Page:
The Darkest Minds

10576365The Darkest Minds by Alexandra Bracken

This book came highly recommended to me by a close friend back in high school when I was too preoccupied with all the fluffy romances and high fantasies on my shelf to hunker down and read a dystopia, which is not my usual MO. It’s taken me until now, two year after I graduated, to actually get around to it which is terrible because she was right and this is GOOD.

Shame. Shame. Shame. Shame. Shame.

(PS if you’re reading this, Carla…I’m sorry! You told me so!)

The Darkest Minds is set in a dystopian world where, thanks to a mysterious disease that decimated the USA’s population of youth, all children who survived have developed strange powers. Some are dangerous–like those with a command over fire, electricity, and minds–some are tame–like the telekinetics and logical geniuses–but all are sent to ‘rehabilitation camps’ where they’re locked up because everyone else is afraid. Ruby, our MC, is sent to Thurmond–the worst and most brutal camp there is–and after years of abuse and forced labour escapes to a rag tag group of escapees from another camp. They team up to search for a rumoured safe haven, East River–led by a teen with powers as dangerous as Ruby’s–all the while evading the bounty hunters and terrorists and camp officers set to capture them. But when you’re locked away for years you’ll find the world is not the same as when you left it and a ‘safe haven’ might not mean safety at all…

Let me start off by saying that there is some crazy Holocaust-type sh*t that goes down in this book. Any children who survived are shipped off to labour camps where they’re separated by danger level into common bunks. They are all abused by officers, some are experimented on, and many are executed en masse if considered too much of a threat. Furthermore, the public is lied to and made to think the camps are good things.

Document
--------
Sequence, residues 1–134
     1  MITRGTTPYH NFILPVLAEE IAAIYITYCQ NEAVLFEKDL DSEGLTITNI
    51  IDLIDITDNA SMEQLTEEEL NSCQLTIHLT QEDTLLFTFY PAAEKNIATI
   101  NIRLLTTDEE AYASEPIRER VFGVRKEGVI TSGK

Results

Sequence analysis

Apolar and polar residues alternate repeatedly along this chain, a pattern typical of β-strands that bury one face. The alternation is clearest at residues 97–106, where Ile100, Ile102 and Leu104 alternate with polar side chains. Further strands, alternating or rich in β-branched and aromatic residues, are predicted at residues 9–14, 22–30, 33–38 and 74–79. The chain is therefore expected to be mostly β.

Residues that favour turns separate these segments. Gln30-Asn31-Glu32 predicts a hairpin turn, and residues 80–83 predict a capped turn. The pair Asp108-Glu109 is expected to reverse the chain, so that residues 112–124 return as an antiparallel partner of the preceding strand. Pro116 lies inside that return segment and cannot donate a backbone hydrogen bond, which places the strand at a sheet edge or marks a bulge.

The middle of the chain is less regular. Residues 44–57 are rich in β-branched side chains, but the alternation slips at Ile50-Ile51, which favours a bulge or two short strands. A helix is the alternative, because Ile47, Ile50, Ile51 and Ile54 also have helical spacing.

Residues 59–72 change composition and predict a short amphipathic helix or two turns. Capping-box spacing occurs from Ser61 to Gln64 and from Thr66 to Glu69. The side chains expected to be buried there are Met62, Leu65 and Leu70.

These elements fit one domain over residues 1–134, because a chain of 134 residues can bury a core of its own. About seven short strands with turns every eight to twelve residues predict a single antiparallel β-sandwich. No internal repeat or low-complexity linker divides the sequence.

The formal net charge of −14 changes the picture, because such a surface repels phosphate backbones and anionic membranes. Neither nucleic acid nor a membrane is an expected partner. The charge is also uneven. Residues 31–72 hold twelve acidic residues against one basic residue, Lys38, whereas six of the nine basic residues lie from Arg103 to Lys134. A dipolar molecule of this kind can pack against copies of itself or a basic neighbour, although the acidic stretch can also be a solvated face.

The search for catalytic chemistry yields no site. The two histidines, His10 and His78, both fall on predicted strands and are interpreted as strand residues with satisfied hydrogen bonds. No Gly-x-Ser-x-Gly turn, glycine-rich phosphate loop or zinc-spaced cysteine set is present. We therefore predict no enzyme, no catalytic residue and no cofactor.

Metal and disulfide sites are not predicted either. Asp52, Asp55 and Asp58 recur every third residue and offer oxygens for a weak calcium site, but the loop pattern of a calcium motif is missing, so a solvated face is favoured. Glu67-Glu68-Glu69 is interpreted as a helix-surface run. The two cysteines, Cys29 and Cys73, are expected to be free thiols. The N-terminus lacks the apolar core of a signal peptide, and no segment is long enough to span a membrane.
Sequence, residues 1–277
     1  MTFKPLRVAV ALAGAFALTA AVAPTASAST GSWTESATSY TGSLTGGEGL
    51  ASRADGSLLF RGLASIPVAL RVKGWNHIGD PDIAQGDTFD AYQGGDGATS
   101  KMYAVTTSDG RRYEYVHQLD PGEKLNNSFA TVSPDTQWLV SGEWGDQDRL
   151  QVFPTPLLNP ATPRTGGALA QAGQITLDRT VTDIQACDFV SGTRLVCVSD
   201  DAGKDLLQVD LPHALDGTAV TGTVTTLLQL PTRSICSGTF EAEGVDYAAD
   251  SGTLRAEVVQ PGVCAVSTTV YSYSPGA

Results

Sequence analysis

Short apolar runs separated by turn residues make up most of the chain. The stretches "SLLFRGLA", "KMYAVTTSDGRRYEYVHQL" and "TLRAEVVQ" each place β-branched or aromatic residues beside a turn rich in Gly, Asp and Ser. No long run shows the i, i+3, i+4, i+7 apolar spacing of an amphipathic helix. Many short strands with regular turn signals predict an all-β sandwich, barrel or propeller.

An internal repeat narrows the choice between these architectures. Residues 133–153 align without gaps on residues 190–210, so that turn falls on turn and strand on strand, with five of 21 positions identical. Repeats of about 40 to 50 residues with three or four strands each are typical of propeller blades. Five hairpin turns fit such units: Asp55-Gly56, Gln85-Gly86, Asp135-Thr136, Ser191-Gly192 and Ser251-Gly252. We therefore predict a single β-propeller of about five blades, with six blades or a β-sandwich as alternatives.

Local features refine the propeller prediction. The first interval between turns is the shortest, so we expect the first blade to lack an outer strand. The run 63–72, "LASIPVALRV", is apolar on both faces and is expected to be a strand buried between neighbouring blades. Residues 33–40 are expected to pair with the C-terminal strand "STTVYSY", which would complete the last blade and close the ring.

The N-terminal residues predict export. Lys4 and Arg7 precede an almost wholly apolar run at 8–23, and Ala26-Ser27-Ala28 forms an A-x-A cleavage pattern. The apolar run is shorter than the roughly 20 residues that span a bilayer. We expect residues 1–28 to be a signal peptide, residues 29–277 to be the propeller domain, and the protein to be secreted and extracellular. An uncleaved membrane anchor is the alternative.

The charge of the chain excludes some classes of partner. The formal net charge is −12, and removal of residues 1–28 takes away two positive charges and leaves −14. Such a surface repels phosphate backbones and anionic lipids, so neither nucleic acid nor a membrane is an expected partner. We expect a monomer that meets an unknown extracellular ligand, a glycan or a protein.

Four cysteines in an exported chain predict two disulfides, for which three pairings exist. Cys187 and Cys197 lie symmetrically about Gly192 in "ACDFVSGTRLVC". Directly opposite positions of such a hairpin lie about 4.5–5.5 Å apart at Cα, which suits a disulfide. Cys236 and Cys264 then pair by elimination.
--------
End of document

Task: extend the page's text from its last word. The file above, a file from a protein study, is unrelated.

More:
I don’t know about you, but I’m getting some serious Hitler vibes right about now. And if The Darkest Minds is the Holocaust, Thurmond is Auschwitz.

I was really intrigued. Bracken takes one of the darkest times in all of human history, modifies it, and puts it into a dystopia of a sort, which is the future. So, it seems to say, those events aren’t entirely in the past; if given a cause that scares us enough, we humans are still capable of that same great evil. It highlights the flaws and fears of humanity, and the selfishness, the immediate instinct to protect ourselves. The Darkest Minds, though not necessarily a dark book, paints a very dark picture of the world and people’s capacity to cause as much destruction as we can good. I found it utterly fascinating.

For all the excitement I had in the beginning of the novel while being introduced to the world, I lost a lot of it about 1/4 of the way in simply because it was lacking in action. A good chunk of it just follows the rag-tag group of powered-up teens road-tripping across the country to find their safe haven which makes a lot of it repetitive. I started to get bored. Bracken does do a good job though of throwing obstacles at Ruby and her crew to keep things interesting and eventful so I never had the chance to become totally bored. By the time I’d had enough, they’d reached the camp and the second half had already begun.